Members of the Paco de Lucia Project, from left to right: Israel Suárez “Piraña” (percussion), Alain Pérez (bass), Antonio Sánchez (guitar), David de Jacoba (vocals), Antonio Serrano (harmonica) and Farruco (dancer).
By Bonnie Rosenstock
Photos: Jack Vartoogian/FrontRowPhotos
The legendary flamenco guitarist Paco de Lucía (1947-2014) died suddenly of a heart attack while on vacation in Mexico at the age of 66. Not only did he leave behind an extraordinary groundbreaking musical canon, but also a band bereft of a leader. In the early 1980s, de Lucía assembled a sextet that would reinvent the sound of flamenco in its instrumentation and infusion of jazz. The nucleus of his last band coalesced in 2004 while recording his Latin Grammy-winning “Cositas Buenas” and played with him, honing his vision, for the next ten years until his death.
This band consisted of his nephew, Antonio Sánchez (on second guitar), Alain Pérez (bass), Israel Suárez “Piraña” (percussion), Antonio Serrano (harmonica), David de Jacoba (vocals) and Antonio Fernández Montoya “Farruco” aka “Farru” (dancer). They have reunited as the Paco de Lucía Project through the efforts of Grammy-winning producer and composer Javier Limón, a long-time collaborator and friend of the celebrated guitarist. The reunion also coincides with the 50th anniversary of the 1967 release of de Lucía’s prophetically titled first recording, “La fabulosa guitarra de Paco de Lucía” (The Fabulous Guitar of Paco de Lucía).
Said Limón, who not only produced the 2004 Grammy-winning album but also de Lucía’s Grammy-winning “Entre 20 Aguas” (Between 20 Waters), featuring an illustrious cast of international musicians. “Paco had created a new sound with his first group, and another with this band, because it’s made of musicians from a different generation than his—he had arrived at a different approach to composing and to a different sonority. And I kept thinking: why are we throwing away a sound that took so many years and so much work to create?”
The other reason is emotional, he continued. “For all of us to get together for Paco and remember moments and stories from the concerts and the tours is such a joy.”
It was also a tremendous joy for the packed house at Manhattan’s Symphony Space (Broadway and 95th Street) that was enraptured by the October 14 one-night-only 90-minute non-stop, electrifying performance, including two encores. The program consisted of de Lucía’s celebrated “Zyrab,” “Canción de Amor” and “Entre Dos Aguas,” as well as original music by members of the band. In addition to their collective musicianship, the band members shone in long solo riffs that highlighted their considerable talents, keeping with de Lucía’s approach to giving his band a lot of freedom—he famously didn’t rehearse his band.
“In performance, it forced us to be more in the moment,” said Limón.
Cuban-born Pérez is not only an amazing bass player and composer, but his dulcet-toned vocals were stirring. Serrano, a Madrid native is credited, along with de Lucía, with introducing the harmonica to flamenco when he joined the ensemble in 2014. He dominated it, with marathon solos that sometimes ran too long.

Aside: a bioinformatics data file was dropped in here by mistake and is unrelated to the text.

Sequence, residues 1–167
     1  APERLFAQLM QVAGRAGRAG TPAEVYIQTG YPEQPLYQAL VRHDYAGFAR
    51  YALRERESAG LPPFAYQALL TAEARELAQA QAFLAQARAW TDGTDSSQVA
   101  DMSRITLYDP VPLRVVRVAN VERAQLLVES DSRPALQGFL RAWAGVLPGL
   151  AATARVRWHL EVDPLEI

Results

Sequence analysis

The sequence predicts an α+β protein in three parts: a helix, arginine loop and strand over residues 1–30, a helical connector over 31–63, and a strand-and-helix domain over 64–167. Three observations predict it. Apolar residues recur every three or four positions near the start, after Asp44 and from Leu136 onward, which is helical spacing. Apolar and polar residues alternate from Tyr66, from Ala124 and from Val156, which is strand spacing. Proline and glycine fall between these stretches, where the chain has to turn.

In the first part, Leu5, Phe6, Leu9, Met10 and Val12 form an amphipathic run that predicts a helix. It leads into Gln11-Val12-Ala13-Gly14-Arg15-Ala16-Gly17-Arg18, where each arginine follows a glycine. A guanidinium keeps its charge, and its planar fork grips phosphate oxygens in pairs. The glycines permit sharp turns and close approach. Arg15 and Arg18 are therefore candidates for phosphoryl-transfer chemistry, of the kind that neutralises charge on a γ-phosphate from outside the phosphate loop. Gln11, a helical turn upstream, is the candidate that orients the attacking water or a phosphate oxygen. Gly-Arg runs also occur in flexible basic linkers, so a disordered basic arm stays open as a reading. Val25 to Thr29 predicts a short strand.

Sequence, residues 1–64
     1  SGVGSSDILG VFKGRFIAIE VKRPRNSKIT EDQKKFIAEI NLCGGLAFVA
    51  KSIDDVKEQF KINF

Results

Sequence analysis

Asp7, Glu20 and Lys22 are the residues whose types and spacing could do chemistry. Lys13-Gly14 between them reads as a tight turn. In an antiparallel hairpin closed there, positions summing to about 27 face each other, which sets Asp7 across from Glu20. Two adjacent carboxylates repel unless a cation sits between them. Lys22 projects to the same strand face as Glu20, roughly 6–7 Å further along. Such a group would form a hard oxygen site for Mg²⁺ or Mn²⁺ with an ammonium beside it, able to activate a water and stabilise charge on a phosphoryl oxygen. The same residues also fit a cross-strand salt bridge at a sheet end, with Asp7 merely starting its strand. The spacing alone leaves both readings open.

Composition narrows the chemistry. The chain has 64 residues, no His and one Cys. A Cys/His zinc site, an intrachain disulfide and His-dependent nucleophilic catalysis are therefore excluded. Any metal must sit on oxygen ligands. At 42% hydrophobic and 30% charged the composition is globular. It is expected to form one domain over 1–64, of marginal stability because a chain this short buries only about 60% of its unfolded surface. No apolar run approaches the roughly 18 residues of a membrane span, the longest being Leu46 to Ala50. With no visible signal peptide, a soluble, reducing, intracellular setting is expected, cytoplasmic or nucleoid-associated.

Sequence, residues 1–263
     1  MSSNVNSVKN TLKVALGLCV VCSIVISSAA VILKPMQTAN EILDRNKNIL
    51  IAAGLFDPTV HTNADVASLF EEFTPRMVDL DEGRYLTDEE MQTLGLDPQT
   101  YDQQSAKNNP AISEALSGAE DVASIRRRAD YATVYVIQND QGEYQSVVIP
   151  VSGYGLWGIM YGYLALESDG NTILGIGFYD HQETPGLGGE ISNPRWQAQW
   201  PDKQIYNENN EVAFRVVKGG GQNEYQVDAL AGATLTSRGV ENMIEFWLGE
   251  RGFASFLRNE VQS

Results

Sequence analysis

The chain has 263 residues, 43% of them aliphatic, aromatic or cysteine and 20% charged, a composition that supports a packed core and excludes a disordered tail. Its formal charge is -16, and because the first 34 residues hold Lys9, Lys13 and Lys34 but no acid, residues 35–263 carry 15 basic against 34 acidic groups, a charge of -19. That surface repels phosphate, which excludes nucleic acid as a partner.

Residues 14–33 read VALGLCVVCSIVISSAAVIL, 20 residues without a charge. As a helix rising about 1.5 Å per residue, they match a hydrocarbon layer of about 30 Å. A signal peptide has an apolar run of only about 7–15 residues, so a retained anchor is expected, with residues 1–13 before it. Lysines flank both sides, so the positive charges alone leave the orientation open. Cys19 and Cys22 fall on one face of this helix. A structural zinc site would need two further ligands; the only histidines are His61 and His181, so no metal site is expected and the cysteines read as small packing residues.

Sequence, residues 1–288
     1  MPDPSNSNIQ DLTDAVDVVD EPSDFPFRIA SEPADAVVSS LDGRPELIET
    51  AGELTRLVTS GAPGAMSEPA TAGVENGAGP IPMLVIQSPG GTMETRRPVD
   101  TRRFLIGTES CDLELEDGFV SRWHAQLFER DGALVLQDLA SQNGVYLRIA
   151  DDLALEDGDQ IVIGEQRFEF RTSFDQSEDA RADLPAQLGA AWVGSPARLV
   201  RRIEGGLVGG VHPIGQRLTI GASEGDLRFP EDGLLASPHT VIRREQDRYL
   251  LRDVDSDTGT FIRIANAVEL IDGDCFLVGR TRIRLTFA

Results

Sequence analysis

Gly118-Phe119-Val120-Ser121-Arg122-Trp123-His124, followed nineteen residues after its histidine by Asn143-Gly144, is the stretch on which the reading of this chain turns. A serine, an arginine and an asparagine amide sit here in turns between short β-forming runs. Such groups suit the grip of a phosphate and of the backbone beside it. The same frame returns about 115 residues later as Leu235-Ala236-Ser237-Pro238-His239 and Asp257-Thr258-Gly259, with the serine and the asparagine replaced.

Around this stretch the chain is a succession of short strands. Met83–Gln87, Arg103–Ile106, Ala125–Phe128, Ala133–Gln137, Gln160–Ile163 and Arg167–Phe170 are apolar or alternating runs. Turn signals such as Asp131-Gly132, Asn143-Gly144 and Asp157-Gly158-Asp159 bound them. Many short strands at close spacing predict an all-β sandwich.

The renowned “Piraña,” who also played conga and traps, attacked the cajón (box drum) as ferociously as his fish nickname. De Lucía introduced the Peruvian instrument to traditional flamenco, and it is now a staple of the genre. Sánchez honed his chops at a young age under the tutelage of his uncles (de Lucía and Ramón de Algeciras) and others. He now shone as first guitar. And cantaor de Jacoba has an amazing voice that can go deep and sustained.
And the pièce de résistance, the flamenco dancer Farruo. The Seville native is very much an integral part of the band. Before he took center stage, he accompanied the musicians with palmadas (clapping) while seated at the edge of his chair, his restless feet tapping out the rhythms. After he finished dancing, he left to change his sweat-drenched shirt and returned to play second guitar, all smiles, happy as a clam. His lineage is gypsy “puro,” the brother of dancers Farruquito and Carpeta and the grandson of the iconic Farruco (1935-1997), whose name he took in homage. He is also a flamenco composer, lyricist and choreographer.
I’m not sure how to describe Farru’s dancing. There was some of his grandfather’s characteristic wildness with stomping feet, crazy off-kilter turns and arm flinging. But then there was his intense, cool control as he executed the fastest, most rapid-fire sustained exciting footwork I’ve ever seen. His upper body was mostly still, his legs and feet blasting out sharp, ever-changing patterns. He also did some insane lightning-fast tapping with the sides of his feet. There was not much in the way of expressive arm movements; he held onto the open part of his black jacket a good part of the time and mostly danced within a small area of the stage. A performance and performer to remember.
The entire evening was magical, as if the spirit of de Lucía himself were watching and having a grand time.
Award-winning Bonnie Rosenstock wrote for Guidepost back in the 1980s when she lived in Madrid. She’s now with exploredance.com, among other publications in New York. While working for The Villager and Chelsea Now she won three awards from the New York Press Association Better Newspaper Contest.
After years of absence she’s contributing regularly to Guidepost again. To our mag’s delight!
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